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Thread: multi-user Linux - who around here does that?

  1. #1
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    multi-user Linux - who around here does that?

    i ran Ubuntu 14.04 and 16.04 and now Xubuntu 18.04 with multiple users concurrently logged on. this works under Unity and Xfce, which both use lightdm to manage the display. it's a bit stronger security through compartmentalization. there may be other reasons people do this.

    i'm wondering how many UbuntuForums participants do this in some way.

    i want to look at boosting the security a bit and put each user in a container. or maybe i could use a virtual machine get even more security.
    What do you call someone who speaks three languages? Trilingual. Two languages? Bilingual. One language? American.

  2. #2
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    Re: multi-user Linux - who around here does that?

    I was on a UNIX server 29 years ago, and no user had access to any other's /home folder. Each user's /home folder is pretty damn secure already with a password required to get access. Others might give you better advice, but that's how I see it.

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  3. #3
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    Re: multi-user Linux - who around here does that?

    Like oldrocker said, Linux, like Unix and all its derivatives, provides ample security out of the box. Each user can only write to his or her home directory and to /tmp.

    One thing that I would do is remove the group and other read and execute privileges from each person's home directory so they are entirely private. Ubuntu has a "sharing" ethic and by default creates home directories that are listable and readable by all users. So instead of the default 755 privileges on /home/username, I'd make them all 700. (This is the default on "enterprise" distributions like RedHat.)

    You can make that the default by editing (as root with sudo) /etc/adduser.conf and change the line
    Code:
    DIR_MODE=0755
    to
    Code:
    DIR_MODE=0700
    Then when you create new users with the adduser command, their home directories will have 700 privileges by default.

    For even greater security you can change the default UMASK in /etc/login.defs from 022 to 077. Then all files a user creates will only be accessible by that user.

    The downside to these changes is that it makes it difficult for users to share files with other users, especially if you change the umask. One solution is to change the DIR_MODE but leave the UMASK at 022, then create a directory where people can place files they want to let other users see. Suppose I create a directory called "/shared" with permissions similar to /tmp

    Code:
    sudo mkdir /shared
    sudo chmod 1777 /shared
    The 1 in the permissions sets the "sticky bit," which prohibits users from deleting or modifying files or directories created by another user.

    You can make it easier for users to find the shared directory by including a symbolic link to it in /etc/skel, which contains the files copied to each new user's home directory when it is created.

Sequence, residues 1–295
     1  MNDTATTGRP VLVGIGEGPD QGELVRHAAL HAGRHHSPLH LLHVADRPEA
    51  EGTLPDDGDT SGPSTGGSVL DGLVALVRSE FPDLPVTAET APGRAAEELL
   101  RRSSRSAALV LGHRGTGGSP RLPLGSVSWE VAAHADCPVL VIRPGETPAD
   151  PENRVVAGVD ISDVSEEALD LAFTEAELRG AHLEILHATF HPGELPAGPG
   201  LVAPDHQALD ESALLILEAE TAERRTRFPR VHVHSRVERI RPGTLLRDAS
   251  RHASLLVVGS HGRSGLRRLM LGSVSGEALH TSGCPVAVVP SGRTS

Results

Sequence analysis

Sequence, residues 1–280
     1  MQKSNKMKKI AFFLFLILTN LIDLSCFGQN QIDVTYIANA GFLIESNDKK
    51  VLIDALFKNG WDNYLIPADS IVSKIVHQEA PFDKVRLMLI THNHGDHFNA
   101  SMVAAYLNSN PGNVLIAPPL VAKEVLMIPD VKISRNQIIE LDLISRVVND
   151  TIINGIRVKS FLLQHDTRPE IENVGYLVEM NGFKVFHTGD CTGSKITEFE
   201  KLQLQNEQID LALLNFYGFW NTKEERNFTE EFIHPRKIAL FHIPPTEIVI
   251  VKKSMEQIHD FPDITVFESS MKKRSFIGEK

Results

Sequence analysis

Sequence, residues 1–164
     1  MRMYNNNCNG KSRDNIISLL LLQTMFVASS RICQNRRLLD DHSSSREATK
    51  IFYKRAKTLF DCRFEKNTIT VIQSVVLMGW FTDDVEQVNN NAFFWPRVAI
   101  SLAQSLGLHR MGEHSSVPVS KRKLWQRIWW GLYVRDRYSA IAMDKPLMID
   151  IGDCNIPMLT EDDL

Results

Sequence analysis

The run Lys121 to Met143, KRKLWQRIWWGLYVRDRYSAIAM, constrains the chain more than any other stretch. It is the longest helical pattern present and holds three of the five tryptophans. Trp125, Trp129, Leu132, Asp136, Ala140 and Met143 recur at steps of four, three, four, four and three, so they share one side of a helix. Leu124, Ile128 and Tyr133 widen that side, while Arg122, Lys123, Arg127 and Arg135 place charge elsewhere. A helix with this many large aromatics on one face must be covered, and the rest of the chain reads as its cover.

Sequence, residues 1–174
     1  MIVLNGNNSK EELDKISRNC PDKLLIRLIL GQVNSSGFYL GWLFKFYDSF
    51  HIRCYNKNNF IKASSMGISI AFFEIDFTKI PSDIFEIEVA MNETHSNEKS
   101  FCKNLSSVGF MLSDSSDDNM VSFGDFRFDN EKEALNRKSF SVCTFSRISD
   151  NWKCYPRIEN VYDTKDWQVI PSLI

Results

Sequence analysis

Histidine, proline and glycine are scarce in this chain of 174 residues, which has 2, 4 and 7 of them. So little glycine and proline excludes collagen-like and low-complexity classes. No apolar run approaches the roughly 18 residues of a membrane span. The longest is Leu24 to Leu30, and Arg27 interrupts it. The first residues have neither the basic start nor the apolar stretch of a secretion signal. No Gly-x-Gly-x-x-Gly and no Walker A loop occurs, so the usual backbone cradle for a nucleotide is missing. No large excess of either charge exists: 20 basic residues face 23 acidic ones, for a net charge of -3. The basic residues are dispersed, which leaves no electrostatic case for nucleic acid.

Code:
    cd /etc/skel
    sudo ln -s /shared
    Now every new user will have a "shared" entry in his or her home directory.

    If you do an "ls" on /etc/skel you won't see anything by default. That's because all the files there are "hidden" with a "." prefix like .bash_profile. To see the contents of /etc/skel, use "ls -a".

    For a discussion on why Ubuntu has a more open security ethic read this thread: https://bugs.launchpad.net/ubuntu/+s...ser/+bug/48734 with contributions from a variety of notables including Mark Shuttlesworth himself.
    Last edited by SeijiSensei; 1 Week Ago at 06:25 PM.
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    Re: multi-user Linux - who around here does that?

    At my little company, we have 3 users logged in and working together on a single system multiple times a week.
    None are physically at the system, they are all network connected, usually over ssh.

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    Re: multi-user Linux - who around here does that?

    Quote Originally Posted by oldrocker99 View Post
    I was on a UNIX server 29 years ago, and no user had access to any other's /home folder. Each user's /home folder is pretty damn secure already with a password required to get access. Others might give you better advice, but that's how I see it.
    that was back when no one had their own unix(-like) system at home where they are (usually) the one using all or most userids (unless their dog gets to use the system, too).
    What do you call someone who speaks three languages? Trilingual. Two languages? Bilingual. One language? American.

  6. #6
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    Re: multi-user Linux - who around here does that?

    i do have my various userids set up to read-share their home directories. if i need to change something in a different home directory, i just switch user to it. the day i let other people use my system, then i will need to make things tighter, possibly using groups.

    some of the general complications are things like keeping the music playing when i switch users. for now i run pulseaudio in system-mode. but i have read that it is possible to do this without system mode and be more secure about it. i just wonder if others might have similar issues and even how many people understand how such multi-user usage is done.
    What do you call someone who speaks three languages? Trilingual. Two languages? Bilingual. One language? American.

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